So much is made of the fact that two jihadis from the West, out of well over 1,000 who have gone to the Islamic State from the U.K., Western Europe and North America, ordered Islam for Dummies, as if this proves that the primary motivations of most of those 1,000+ people were not religious. Actually they may have ordered the book for any number of reasons — to find easy ways to explain things that they found difficult to put into words, or to send to their secularized relatives, or to give to Infidels to proselytize. And even if those two who ordered the book were indeed not well versed in Islam, this doesn’t cancel out the fact that many of those Muslims from the West who have gone to the Islamic State have explained and justified their actions by referring to the Qur’an and the example of Muhammad. Armstrong doesn’t make any reference to that, because it doesn’t fit her paradigm.
Q: So where does the idea of Jihad and those heavenly virgins come from?
A: They came from soldiers manning the frontiers of the Islamic empire, who had been away from their families and homes for years. So they developed hugely compensentory day dreams, if you like, about what awaited them in heaven to make up for all the deprivations. It was they that said that Jihad was a central pillar of Islam. This was not the case in places far from the frontier, where Muslims thought of Jihad as a struggle to create a just society, such as giving to the poor.
Arrant nonsense. The promise of Paradise to those who kill and are killed for Allah is in the Qur’an (9:111), as are the heavenly virgins (56:36, etc.). When the Qur’an speaks of jihad, it means warfare. There is an entire chapter of the Qur’an (chapter eight) entitled “The Spoils of War.” It explains how the booty should be divided up after battle. What spoils of war result from the struggle to create a just society? In saying that jihad meant “giving to the poor,” Armstrong is confusing jihad, which a manual of Islamic law certified by al-Azhar specifies is warfare against and subjugation of unbelievers (see Umdat al-Salik O9.8), with zakat, which is…giving to the poor.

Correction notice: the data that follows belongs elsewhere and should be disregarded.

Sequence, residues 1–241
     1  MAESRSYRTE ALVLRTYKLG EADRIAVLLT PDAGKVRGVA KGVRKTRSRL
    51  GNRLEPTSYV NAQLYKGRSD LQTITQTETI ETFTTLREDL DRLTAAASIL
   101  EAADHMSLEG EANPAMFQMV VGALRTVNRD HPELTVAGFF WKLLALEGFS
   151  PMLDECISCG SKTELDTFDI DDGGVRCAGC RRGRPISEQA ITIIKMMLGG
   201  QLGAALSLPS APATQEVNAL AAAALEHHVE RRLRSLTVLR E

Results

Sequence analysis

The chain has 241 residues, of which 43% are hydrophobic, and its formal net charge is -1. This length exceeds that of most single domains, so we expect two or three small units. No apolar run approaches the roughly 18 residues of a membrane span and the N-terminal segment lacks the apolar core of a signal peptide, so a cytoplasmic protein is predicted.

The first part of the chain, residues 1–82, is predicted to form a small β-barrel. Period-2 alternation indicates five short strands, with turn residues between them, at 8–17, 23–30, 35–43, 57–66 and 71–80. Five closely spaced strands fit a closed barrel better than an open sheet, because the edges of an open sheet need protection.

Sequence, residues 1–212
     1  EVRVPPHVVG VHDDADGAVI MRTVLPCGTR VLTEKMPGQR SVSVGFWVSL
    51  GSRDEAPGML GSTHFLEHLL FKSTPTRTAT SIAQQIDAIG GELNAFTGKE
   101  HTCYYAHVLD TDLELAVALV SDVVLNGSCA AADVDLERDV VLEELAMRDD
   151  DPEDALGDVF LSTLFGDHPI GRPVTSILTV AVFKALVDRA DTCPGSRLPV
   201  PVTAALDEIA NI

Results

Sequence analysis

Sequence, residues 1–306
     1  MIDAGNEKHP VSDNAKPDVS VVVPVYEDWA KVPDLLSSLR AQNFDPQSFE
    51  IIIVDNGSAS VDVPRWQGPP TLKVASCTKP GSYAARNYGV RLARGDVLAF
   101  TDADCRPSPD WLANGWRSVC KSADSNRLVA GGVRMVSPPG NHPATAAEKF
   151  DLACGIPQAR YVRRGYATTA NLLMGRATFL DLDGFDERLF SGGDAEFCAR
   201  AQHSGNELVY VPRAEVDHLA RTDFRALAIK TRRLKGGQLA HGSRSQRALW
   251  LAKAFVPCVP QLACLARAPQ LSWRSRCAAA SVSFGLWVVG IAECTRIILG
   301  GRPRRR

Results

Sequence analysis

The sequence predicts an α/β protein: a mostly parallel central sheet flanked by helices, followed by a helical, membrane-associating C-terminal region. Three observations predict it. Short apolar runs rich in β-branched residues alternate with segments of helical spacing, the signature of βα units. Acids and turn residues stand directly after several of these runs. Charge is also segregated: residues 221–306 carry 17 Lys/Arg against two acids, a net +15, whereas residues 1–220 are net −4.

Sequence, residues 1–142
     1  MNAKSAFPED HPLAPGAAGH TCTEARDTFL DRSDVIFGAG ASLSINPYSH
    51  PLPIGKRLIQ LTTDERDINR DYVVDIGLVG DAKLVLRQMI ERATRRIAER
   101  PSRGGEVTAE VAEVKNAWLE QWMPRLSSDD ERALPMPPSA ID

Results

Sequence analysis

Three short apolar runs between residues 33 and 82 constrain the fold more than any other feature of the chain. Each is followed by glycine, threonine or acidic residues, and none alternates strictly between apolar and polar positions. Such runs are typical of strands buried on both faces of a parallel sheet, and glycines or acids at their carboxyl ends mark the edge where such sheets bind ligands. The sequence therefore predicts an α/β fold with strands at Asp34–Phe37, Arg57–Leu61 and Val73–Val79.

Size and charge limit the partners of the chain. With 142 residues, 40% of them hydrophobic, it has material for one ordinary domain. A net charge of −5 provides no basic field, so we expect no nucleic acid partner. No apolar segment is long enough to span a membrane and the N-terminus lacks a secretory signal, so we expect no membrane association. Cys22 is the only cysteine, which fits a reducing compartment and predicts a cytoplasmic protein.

Q: Tell me about Wahhabism – the Saudi-based sect of Islam that informs ISIS fighters.
A: The whole exportation of Wahhabism over the last 30 years is a huge problem. In several countries, the young have been brought up on a form of Islam in Saudi-funded schools that gives them a very narrow and restricted view of their own faith and a very limited view of all other faiths. This is entirely uncharacteristic of Islam. Before Wahhabism, which developed in the 18th century, the most popular form of Islam was Sufism, which had a very positive view of other faith traditions. It’s quite common for a Sufi to cry in ecstacy that he’s neither a Muslim nor a Christian nor a Jew because once you’ve glimpsed God these manmade distinctions fall away. And that is very much endorsed in the Koran as well. Indeed, in one passage, it says that religious pluralism is God’s will.
Yes, that’s why Sufis were leaders of the Chechen jihad for centuries, and why Hasan al-Banna, the founder of the Muslim Brotherhood, prescribes Sufi spiritual exercises for the early Brothers.
That has all been knocked out in Wahhabism, because they call any other form of Islam “apostate.” Also, Wahhabists encouraged people to read the Koran directly, and ignore the centuries of interpretation by learned scholars. Now that sounds great and liberating, but people were then licenced to come up with many wild interpretations. In the past, no one read the Koran on its own; it was enmeshed in a wide swath of complexity that actually held radical interpretations in check. Now that check’s been lifted, and all kinds of freelancers like Bin Laden, who is no more qualified to issue a Fatwa than I am, have free reign to come up with these extraordinary interpretations….
Yes, it’s a “wild interpretation” to think “slay the polytheists wherever you find them” (9:5) means “slay the polytheists wherever you find them.”